DPP Adam Kimber released a statement saying that the advice would not be released publicly because it was done for SAPOL.
“This is reason enough for me not to release the advice,” he said.
“However, in addition, release of the advice might encourage a breach of the Independent Commissioner Against Corruption Act 2012.”
Whatever could that last line mean, we wonder?
Biggles’ secret press release
The Marshall Government’s key backers of the controversial Adelaide Oval hotel had some fun with radio FIVEaa this week with what they all believed was a “gotcha” moment over Labor’s past support for handouts to private hotel projects.
The SMA’s proposed bolt-on hotel has received a $42 million loan from the Marshall Government without, apparently, going through any assessment process other than the minds of the state’s Cabinet members.
FIVEaa announced this week “exclusive” information that they said would change the debate: that Labor in Government had also granted millions of dollars worth of loans and grants to private hotel developments.
It named three developments that received Labor Government funding: the Sofitel Hotel in Currie Street, the Travelodge in Bentham Street, and the Barossa Weintal – the latter of which FIVEaa believed had received taxpayers’ money in secret.
State Government ministers Rob Lucas and Stephan Knoll, weighed in with glee on Labor’s apparent hypocrisy, along with the Government’s official spin doctor Twitter account.
BREAKING: The former @alpsa government provided taxpayer backed loans to private hotels!!!!!! #saparli pic.twitter.com/Gj7gjRPosw
— SA Liberal Media (@SALibMedia) March 5, 2019
But there were several problems with the critique: first, Labor’s largesse was the result of actual funding programs where applicants were competitively assessed against the Future Jobs Fund’s published criteria – in contrast to the Oval hotel which was Gillmanesque in its lack of process, as others have noted.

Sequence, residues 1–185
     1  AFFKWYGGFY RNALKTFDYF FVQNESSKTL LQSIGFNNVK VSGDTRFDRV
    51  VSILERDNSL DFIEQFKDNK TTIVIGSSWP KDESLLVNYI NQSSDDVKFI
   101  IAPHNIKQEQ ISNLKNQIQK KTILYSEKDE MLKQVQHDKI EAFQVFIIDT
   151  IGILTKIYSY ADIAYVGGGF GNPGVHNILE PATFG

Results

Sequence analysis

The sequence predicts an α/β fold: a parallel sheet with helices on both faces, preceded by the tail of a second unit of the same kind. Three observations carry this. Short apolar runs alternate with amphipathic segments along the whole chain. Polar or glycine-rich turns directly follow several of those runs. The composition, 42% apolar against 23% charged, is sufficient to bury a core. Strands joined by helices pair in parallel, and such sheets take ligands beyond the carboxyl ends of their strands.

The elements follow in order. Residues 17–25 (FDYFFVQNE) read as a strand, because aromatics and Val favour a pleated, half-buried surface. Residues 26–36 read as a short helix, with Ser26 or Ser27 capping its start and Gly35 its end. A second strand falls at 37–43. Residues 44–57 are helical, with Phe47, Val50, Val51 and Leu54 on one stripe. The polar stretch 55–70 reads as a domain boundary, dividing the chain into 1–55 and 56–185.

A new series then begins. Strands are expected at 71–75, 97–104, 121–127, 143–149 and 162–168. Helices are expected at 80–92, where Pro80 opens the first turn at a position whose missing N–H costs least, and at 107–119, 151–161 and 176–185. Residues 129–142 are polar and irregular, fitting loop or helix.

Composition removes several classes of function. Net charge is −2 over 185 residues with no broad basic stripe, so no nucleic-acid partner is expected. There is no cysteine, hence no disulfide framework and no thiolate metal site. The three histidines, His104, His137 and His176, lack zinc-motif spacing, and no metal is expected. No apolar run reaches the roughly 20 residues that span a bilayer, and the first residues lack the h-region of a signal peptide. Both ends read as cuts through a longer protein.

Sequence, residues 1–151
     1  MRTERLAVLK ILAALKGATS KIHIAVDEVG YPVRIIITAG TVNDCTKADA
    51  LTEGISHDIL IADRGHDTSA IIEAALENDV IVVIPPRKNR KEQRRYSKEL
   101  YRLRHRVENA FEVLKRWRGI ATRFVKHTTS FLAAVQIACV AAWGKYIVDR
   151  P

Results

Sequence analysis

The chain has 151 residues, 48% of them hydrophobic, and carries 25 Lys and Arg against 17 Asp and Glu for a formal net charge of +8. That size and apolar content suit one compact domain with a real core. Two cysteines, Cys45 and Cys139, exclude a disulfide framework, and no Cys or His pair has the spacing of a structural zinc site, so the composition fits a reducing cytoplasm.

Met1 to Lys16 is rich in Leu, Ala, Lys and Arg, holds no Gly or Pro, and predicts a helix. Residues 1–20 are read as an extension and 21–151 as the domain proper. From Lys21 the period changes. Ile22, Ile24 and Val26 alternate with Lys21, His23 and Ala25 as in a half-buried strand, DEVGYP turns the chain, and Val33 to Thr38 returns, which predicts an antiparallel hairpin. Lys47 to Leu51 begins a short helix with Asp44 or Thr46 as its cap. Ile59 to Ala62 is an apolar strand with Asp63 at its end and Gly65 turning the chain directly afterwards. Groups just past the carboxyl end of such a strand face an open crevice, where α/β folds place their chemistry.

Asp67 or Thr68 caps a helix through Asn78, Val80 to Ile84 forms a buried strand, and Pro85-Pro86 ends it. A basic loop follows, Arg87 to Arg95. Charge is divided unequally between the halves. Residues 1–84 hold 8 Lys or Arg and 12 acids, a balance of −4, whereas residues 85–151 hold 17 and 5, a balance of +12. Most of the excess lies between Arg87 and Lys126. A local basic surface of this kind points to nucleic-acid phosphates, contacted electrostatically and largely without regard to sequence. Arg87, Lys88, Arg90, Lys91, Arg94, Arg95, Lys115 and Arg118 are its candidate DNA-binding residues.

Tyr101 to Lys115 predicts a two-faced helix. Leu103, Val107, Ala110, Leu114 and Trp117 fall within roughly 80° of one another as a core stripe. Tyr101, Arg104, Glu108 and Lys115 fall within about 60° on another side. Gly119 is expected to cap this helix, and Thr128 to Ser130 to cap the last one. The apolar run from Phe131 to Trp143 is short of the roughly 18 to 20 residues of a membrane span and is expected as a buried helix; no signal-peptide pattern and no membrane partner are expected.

Another problem is that Labor’s grants were far from secret.
No less a shrinking violet than Leon Bignell announced the full list ahead of last year’s state election, via a media release judged so boring at the time that only the Barossa Herald appears to have picked it up.
Not only was the Barossa Weintal grant on the list, Bignell’s media person helpfully provided quotes from the CEO of the company that runs the hotel about how happy they were to get some Government dough (another twist is that the Weintal grant never went ahead, Labor says, due to the criteria eventually being too onerous for the applicant).
It can be tempting for journalists to file government media releases in the bin, but they can be useful to summon the ghosts of spin-doctors past.
Nevertheless, the episode has shed some new light on an important issue that has vexed many governments: when and how to decide to give private companies access to taxpayers’ money. It’s been a banana-skin for many administrations, including the current Federal Government.
Notes On Adelaide is a column telling the inside stories of Adelaide people, politics, institutions and issues. If you have information that you believe should be noted in this column, send us an email: firstname.lastname@example.org